As the chairman of the Arizona Game and Fish Commission, I have a strong desire for the public to know the position of the commission regarding our opposition to any designation of a national monument in the Grand Canyon watershed. The department’s mission statement is clear:
“To conserve Arizona’s diverse wildlife resources and manage for safe, compatible outdoor recreation opportunities for current and future generations.”
Notice the words “to conserve,” “manage” and “for current and future generations.” They are heartfelt, straight-forward words by which the department’s hundreds of dedicated employees live and work each day.
They also are words that help to explain why the chairman of one of the nation’s premier wildlife conservation organizations strongly opposes the creation of the 1.7 million-acre Grand Canyon Watershed National Monument.
The commission’s opposition is based on the negative impacts that such a designation is likely to have on wildlife management across this vast expanse in northern Arizona. The Center for Biological Diversity recently stated that this proposed area already is being effectively managed, thanks to cooperation by several state and federal agencies. The department completely agrees. A need to “fix” current management practices simply doesn’t exist.
The creation of the Sonoran Desert National Monument in 2001 is a cautionary tale. In 1999, the Arizona Game and Fish Department biologists counted 103 bighorn sheep in the Maricopa Mountains, located within the monument’s boundaries in southwest Arizona. Today’s surveys indicate fewer than 35 sheep roam this area. The department’s limited access inside the monument to provide new and sustainable water sources no doubt was a contributing factor to the steep decline in the sheep population in the Maricopa Mountains. It was a harsh lesson that shouldn’t be repeated with any wildlife species anywhere else in Arizona.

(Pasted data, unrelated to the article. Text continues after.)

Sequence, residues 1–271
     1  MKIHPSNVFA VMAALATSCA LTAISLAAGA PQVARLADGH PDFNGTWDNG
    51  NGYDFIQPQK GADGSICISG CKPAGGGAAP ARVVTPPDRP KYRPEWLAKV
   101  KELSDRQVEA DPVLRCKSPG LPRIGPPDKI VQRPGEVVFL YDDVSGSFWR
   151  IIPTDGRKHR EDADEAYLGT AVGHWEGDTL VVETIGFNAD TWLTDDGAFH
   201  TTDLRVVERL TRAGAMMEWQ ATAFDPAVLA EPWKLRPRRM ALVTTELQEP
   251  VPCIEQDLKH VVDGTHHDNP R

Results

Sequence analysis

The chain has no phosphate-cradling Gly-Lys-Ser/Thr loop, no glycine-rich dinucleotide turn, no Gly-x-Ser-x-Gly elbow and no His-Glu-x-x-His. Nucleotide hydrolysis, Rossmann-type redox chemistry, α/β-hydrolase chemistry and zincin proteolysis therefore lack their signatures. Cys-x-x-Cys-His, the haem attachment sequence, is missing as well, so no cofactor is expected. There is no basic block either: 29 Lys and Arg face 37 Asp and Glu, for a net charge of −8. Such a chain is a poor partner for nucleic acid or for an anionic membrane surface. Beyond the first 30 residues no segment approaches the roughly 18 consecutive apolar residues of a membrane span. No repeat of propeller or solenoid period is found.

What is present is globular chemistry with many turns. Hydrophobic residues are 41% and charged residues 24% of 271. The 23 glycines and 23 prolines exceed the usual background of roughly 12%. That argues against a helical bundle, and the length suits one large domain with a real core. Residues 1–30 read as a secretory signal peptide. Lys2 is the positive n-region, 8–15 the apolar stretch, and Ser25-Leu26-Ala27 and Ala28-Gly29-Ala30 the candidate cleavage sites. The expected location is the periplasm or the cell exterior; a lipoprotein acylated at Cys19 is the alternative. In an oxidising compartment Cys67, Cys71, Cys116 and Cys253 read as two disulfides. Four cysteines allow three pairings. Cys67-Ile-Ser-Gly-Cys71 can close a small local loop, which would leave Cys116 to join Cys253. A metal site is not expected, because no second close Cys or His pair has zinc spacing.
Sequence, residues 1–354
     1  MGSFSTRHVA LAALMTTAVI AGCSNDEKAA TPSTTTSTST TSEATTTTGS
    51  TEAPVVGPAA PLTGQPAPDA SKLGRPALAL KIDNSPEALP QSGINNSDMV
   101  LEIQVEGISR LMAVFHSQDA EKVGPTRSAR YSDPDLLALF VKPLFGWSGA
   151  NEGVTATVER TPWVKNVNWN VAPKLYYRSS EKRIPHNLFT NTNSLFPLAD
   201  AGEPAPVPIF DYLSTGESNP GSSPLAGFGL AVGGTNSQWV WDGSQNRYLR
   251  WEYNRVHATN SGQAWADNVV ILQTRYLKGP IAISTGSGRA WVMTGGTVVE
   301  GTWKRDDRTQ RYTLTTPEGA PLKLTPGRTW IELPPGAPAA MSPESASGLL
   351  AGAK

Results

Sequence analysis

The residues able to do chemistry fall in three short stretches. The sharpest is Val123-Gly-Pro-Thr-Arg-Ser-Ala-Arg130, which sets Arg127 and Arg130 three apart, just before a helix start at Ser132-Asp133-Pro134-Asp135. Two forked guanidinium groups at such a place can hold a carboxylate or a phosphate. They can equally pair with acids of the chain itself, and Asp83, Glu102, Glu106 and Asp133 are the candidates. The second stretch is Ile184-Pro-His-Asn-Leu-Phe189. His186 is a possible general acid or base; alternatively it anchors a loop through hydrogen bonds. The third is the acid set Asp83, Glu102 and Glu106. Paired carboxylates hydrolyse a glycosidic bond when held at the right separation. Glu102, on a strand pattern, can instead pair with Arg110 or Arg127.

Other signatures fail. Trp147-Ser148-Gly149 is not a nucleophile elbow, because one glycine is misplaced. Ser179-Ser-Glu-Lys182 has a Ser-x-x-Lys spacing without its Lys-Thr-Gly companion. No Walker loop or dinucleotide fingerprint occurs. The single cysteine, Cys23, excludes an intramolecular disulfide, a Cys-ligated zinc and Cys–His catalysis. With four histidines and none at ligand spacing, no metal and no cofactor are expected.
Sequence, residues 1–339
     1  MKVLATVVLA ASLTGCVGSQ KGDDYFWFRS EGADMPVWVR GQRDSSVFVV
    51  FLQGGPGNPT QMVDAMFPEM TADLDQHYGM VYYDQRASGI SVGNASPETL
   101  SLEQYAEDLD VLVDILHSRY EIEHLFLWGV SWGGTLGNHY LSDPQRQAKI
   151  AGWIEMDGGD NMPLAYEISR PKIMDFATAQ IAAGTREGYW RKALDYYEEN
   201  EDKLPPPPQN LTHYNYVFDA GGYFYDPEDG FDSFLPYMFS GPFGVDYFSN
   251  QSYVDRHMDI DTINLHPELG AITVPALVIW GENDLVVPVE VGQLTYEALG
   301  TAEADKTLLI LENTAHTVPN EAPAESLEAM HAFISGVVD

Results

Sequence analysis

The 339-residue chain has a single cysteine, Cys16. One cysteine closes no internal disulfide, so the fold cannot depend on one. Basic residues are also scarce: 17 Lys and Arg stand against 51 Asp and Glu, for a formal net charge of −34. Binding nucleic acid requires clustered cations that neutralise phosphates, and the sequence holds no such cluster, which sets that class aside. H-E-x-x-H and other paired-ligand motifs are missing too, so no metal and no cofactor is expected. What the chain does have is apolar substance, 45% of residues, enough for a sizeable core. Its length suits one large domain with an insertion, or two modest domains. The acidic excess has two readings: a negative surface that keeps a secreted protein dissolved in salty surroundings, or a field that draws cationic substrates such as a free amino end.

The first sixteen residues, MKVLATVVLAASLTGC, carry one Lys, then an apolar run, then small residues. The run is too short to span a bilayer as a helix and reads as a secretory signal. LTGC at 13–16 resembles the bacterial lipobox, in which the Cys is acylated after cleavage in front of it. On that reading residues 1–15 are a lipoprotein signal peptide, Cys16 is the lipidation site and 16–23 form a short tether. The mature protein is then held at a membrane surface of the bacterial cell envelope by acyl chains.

Creating the Sonoran Desert National Monument additionally required the Bureau of Land Management to develop an overarching area management plan. During a lengthy 11-year planning process, the Arizona Game and Fish Department experienced detrimental delays and prohibitions for many critical wildlife management actions. This experience with monuments is not one that lends optimism when considering the Grand Canyon watershed.
The costs that come with creating — and maintaining — a national monument may well prove to be prohibitive. The National Park Service published a report detailing that the Grand Canyon National Park already is suffering with $329 million in deferred maintenance, and yet some would like to add to that financial burden. The proposed watershed area spans 1.7 million acres, compared to Grand Canyon National Park’s 1.2 million acres, begging the question: If the federal government can’t operate and maintain a world class national park at 1.2 million acres, how can anyone argue that adding 1.7 million more acres to manage would have a positive impact?
Transparency – and the lack thereof – also is a major issue in this process. Where are the opportunities to have input for Arizonans who will be directly impacted by a monument designation? The 1.7 million acres already being successfully managed will be subject to deferred management, budget shortages and increased bureaucracy. The department’s mission is to speak on behalf of the well-being of wildlife that doesn’t have a voice. Unfortunately, in this process, Arizonans also don’t have a voice. Arizonans deserve a transparent public process.
I respectfully submit that these 1.7 million acres continue to be responsibly managed under the jurisdiction of the Forest Service and BLM and not designated a national monument.
– Robert Mansell is chairman of the Arizona Game and Fish Commission.